Nevertheless, the main activities of the Hôtel were based on pursuing diplomatic actions implementing the rise of sympathy for the Polish Question and the interest of politicians, especially in France and Great Britain. For example, the Literary Association of the Friends of Poland was created in London to promote the Polish Question and help the Polish emigration.

Hôtel Lambert played an important role in the organisation of financial aid for the émigrés, support of academia and patronised the schooling of young officers. Hôtel contributed to the permanent presence of Poland and the Polish Question among European diplomacy. It did, however, face a highly unfavourable international situation. Hence why, it wasn’t able to fulfil its main aim - a change of political conditions of the nation’s existence, let alone its independence. 

There was support for various commercial enterprises, including publication and printing. Especially after the fall of the January Uprising, the activities of the Hôtel mainly focused on saving and promoting the works of Polish culture. The great help was served by Polish Historical and Literary Society (Société historique et littéraire polonaise; called Polish Literary Society before 1854) and the Polish Library in Paris (Bibliothèque polonaise de Paris) which remains open to visitors.

Hôtel Lambert was owned by Czartoryscy till 1975. There were suggestions that the Polish Communist government (how it happened that we went from fighting for independence to being part of the Eastern Bloc is a story for another time) didn’t allow the family to buy the palace and in the end, it became a property of a baron Guy de Rothschild. He decided to sell the building in 2007 which resulted in the Polish community wanting the Polish authorities to buy the residence and to change it into a modern Polish centre in Paris (short note - at that time Poland had been a democratic country for over 15 years, a member of NATO and the EU. Poland also became part of the Schengen Area in that year). However, such dreams have never become reality. Currently, the place is owned by a brother of the emir of Qatar.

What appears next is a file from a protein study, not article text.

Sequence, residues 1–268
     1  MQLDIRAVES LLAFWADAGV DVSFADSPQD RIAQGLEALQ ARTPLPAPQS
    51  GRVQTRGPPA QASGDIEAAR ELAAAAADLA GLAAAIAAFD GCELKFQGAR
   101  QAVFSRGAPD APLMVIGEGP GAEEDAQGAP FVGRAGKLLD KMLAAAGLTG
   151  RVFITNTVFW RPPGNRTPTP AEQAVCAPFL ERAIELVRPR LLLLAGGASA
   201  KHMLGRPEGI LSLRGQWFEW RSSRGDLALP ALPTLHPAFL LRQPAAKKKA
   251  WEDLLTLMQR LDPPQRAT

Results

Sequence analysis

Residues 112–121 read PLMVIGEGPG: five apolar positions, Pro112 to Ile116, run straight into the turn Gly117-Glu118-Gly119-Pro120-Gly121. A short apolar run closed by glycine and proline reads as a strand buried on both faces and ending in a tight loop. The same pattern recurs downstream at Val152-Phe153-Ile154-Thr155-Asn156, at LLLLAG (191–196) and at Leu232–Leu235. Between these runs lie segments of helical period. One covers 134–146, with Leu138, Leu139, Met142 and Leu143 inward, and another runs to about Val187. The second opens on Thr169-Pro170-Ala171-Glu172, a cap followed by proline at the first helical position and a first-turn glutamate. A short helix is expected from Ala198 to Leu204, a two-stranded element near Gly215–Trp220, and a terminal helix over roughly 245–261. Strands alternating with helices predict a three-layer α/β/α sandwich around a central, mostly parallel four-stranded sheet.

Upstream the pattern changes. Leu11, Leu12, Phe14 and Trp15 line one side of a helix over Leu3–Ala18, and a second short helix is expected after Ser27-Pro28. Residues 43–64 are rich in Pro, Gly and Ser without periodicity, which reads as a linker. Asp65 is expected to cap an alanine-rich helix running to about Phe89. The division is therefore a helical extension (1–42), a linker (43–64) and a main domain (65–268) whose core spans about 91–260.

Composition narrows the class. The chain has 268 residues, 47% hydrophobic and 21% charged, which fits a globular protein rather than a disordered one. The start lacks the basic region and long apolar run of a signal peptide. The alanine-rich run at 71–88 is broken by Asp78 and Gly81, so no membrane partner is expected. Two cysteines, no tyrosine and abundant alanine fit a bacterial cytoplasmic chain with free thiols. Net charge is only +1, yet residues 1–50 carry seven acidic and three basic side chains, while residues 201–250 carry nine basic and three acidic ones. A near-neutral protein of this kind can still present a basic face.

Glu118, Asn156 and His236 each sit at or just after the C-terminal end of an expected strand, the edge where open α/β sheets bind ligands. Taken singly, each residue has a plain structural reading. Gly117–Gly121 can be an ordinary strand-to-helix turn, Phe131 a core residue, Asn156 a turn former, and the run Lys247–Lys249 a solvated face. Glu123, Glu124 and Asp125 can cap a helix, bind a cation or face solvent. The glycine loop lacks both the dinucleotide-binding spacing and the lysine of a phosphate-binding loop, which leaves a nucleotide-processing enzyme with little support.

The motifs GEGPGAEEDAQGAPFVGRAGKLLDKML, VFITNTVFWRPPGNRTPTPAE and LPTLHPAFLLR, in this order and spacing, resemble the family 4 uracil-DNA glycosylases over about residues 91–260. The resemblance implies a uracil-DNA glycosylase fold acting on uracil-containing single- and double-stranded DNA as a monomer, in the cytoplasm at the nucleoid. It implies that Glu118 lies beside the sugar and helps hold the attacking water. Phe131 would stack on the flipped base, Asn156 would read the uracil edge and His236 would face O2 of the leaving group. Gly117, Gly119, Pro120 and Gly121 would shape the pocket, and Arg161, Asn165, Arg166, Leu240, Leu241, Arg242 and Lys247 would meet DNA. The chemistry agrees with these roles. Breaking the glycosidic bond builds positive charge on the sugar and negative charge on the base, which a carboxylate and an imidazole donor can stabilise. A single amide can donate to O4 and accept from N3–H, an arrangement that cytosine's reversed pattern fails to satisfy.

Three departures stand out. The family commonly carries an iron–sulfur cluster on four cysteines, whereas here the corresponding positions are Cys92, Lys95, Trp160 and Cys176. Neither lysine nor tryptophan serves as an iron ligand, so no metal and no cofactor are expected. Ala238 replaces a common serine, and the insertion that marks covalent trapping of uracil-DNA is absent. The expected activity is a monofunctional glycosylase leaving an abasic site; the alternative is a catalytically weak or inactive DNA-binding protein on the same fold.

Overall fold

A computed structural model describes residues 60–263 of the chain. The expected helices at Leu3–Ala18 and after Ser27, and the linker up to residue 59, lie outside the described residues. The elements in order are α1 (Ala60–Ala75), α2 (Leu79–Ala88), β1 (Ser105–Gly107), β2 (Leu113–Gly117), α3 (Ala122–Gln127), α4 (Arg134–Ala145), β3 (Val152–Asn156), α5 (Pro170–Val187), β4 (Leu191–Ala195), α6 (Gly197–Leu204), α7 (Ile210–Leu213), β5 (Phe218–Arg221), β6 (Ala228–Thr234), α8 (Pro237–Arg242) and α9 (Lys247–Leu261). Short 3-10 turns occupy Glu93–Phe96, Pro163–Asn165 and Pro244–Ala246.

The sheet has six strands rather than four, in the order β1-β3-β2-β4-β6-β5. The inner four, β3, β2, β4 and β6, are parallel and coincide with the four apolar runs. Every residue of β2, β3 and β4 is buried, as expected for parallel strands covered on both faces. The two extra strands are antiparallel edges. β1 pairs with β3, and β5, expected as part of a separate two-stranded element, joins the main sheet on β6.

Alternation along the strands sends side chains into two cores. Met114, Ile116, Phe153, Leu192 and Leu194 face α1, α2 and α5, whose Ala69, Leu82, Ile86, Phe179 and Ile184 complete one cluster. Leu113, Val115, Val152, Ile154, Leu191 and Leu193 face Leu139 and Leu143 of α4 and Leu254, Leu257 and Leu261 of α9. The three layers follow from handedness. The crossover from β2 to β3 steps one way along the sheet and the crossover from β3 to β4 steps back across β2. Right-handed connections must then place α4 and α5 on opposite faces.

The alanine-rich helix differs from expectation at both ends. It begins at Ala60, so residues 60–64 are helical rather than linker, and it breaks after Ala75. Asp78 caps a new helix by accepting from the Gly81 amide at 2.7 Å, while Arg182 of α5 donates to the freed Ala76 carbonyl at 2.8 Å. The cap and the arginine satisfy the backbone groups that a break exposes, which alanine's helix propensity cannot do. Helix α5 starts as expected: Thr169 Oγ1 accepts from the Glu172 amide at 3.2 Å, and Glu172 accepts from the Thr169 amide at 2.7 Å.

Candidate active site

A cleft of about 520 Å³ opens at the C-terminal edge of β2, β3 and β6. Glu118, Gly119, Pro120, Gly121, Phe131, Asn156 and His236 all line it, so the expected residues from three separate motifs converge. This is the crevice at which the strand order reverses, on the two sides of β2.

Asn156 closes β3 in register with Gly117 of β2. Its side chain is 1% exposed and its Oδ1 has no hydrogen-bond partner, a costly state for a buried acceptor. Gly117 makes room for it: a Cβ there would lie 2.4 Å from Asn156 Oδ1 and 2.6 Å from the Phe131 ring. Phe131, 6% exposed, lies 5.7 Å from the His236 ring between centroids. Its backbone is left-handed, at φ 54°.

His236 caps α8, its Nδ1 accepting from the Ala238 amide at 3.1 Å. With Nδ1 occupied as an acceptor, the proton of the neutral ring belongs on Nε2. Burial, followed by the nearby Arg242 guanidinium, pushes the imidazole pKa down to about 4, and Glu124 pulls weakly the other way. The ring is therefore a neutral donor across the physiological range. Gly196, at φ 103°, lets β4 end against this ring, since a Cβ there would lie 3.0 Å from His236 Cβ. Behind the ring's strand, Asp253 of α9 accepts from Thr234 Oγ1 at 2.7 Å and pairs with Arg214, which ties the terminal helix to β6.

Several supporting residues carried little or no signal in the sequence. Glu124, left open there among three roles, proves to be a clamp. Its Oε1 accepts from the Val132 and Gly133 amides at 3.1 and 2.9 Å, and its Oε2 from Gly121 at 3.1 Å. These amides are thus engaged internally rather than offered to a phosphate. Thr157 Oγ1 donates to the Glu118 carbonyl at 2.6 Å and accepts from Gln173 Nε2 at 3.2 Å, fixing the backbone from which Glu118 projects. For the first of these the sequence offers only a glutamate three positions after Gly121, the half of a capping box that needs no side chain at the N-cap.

The Lambert, 2019

Considering the fact that Hôtel managed to become one of the most important hubs of Polish culture, almost two hundred years later, we decided that our Journal cannot have any other name than ‘The Lambert.’ We took the remarkable idea of a piece of Poland in exile and adapted it to the 21st century.


We greatly appreciate what the Hôtel did in terms of preservation and promotion of Polish culture. We exceed those ideals above the borders and traditional understandings of the nations. We’re lucky to live in independent Poland. We promote Polish culture, tackle Polish issues and connect the Polish community both in the country and in ‘exile,’ but we do not limit ourselves only to the ‘Polish Question.’ 


We are aware of our history and the role it plays in the formation of our identities.  Many of our members who have had a clear insight into Polish culture and history, know ‘Inwokacja’ by heart and can recognise Chopin’s ‘Polonaise Op. 53’.  However, the modern national discourse is fluid and our identities are not static nor singular. Therefore, let our Polish-international community, who grew up, studied, lived all over the globe, embrace the heritage, building our community to be stronger than ever.

Read more about our values here

bottom of page